Business Challenge: Generating Sustainable Revenue Growth
Synesis is a CSP headquartered in Minsk, Belarus. With core competences in artificial intelligence (AI), cloud, big data, and instant messaging, Synesis runs large projects for government and global consumers. These projects include smart cities and public safety, sports and event management, infrastructure, messengers and chatbots, and games and social casinos.
Like all CSPs, Synesis is challenged to generate sustainable revenue growth in a highly competitive market segment. To this end, Synesis has developed Kipod - an AI-based platform for smart cities, public safety, and law enforcement, which generates long-term revenue streams through its software-as-a-service model (SaaS).
Kipod enables instant search across the big data of CCTV video and real-time crime detection, using advanced machine learning algorithms and video content analytics. It enables unlimited users from different organizations to collaborate and analyze unlimited amounts of data for vehicle identification, crowd control, traffic analysis, threat detection, audio analytics, and more. Kipod is General Data Protection Regulation (GDPR) compliant and built on open standards, offering users full transparency.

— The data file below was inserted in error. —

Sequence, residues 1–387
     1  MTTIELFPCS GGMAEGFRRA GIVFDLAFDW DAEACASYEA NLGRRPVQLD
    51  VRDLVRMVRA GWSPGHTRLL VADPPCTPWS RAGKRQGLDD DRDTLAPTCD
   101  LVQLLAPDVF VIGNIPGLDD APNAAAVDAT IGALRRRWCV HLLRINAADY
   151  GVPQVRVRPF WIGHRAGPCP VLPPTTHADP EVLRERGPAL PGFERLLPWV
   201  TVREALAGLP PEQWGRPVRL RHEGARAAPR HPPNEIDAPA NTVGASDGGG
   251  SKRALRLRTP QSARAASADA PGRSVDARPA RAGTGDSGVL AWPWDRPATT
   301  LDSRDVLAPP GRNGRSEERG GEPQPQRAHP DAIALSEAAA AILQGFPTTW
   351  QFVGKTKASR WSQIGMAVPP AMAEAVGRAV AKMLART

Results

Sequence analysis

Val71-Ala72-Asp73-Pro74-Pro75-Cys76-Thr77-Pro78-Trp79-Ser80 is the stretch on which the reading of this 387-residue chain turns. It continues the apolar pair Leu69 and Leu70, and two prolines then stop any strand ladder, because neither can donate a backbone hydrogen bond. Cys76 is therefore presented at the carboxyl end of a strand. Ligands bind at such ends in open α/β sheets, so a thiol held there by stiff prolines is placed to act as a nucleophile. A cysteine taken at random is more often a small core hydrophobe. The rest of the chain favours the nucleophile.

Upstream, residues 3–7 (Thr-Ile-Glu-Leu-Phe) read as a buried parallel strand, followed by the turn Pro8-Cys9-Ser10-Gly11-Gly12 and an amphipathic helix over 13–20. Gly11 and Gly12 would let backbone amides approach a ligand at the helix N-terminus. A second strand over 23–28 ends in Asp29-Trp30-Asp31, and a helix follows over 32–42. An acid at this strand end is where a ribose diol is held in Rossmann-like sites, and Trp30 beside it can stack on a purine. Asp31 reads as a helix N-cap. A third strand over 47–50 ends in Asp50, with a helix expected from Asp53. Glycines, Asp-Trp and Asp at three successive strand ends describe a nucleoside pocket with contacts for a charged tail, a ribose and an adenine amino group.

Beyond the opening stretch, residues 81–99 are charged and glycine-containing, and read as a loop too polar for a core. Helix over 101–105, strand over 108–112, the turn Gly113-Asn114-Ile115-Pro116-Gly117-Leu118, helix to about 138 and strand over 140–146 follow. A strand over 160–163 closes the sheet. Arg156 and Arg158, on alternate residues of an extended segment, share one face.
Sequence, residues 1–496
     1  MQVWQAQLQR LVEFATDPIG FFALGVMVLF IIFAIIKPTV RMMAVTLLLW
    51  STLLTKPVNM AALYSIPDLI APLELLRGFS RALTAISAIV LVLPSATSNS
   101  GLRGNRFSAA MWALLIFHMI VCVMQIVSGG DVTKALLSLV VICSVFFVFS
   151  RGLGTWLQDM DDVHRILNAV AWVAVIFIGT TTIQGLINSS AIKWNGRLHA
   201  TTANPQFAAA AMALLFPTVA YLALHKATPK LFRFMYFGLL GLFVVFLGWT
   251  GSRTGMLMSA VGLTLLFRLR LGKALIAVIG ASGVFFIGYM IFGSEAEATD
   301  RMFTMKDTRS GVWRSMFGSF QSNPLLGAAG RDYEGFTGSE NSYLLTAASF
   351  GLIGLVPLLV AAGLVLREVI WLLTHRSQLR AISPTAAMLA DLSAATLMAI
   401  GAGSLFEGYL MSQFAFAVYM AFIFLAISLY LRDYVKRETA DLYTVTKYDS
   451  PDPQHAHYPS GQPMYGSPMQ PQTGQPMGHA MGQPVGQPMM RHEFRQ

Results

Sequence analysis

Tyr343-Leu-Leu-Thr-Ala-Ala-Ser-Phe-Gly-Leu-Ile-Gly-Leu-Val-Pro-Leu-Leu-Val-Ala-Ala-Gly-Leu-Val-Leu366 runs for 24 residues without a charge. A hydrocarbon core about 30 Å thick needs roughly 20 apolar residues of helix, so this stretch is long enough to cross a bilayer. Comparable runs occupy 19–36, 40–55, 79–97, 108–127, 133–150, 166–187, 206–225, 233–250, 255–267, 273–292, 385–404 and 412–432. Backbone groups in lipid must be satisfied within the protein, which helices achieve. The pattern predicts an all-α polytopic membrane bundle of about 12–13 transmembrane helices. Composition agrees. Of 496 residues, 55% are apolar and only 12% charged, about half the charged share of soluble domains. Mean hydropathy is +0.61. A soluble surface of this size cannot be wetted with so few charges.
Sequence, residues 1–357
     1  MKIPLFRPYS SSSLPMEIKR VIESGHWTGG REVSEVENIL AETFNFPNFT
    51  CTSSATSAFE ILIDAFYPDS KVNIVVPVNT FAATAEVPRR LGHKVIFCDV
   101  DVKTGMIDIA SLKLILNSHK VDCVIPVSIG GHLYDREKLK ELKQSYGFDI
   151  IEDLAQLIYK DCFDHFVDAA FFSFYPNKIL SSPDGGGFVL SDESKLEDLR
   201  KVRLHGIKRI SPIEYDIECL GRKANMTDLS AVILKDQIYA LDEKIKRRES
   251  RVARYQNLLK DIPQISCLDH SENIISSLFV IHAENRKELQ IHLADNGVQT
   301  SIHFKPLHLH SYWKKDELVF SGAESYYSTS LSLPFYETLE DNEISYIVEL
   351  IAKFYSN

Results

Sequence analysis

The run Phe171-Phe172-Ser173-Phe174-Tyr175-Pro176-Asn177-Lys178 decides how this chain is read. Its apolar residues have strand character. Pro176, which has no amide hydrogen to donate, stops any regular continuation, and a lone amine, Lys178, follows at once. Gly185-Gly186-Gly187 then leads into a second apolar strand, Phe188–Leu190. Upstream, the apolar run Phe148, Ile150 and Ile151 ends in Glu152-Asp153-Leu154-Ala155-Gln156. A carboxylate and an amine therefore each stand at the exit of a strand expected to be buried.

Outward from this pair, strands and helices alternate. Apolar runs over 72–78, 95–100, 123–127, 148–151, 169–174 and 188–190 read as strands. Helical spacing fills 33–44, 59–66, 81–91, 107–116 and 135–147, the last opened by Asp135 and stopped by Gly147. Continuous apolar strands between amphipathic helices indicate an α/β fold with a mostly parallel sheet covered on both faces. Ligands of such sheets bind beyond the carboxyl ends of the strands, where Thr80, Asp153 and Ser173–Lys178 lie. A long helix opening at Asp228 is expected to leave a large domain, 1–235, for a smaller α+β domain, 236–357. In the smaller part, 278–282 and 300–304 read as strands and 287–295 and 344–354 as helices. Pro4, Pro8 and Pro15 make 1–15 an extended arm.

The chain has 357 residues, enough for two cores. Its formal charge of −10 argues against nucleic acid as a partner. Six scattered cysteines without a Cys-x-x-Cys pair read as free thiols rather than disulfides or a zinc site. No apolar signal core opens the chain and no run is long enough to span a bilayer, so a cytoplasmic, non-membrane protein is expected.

Synesis currently operates Kipod in Azerbaijan, Belarus, Kazakhstan, Russia, and the United Kingdom on a national scale and is now looking to break into new market segments across the Middle East, Asia, and North America. To help with this expansion strategy, Synesis is investigating how it can make Kipod attractive to an even wider pool of customers by minimizing the server cost per camera, while maintaining superior performance.
Kipod*: Underpinned by Intel® Technology
Kipod is an open source platform that runs on Intel architecture. Currently, Kipod is optimized to run on the Intel Xeon Scalable processor, although it can also run on all previous-generation Intel® processor technologies. Using Intel AVX2, Synesis estimates that it has already been able to boost the performance of its Kipod platform and reduce associated hardware costs by a factor of three.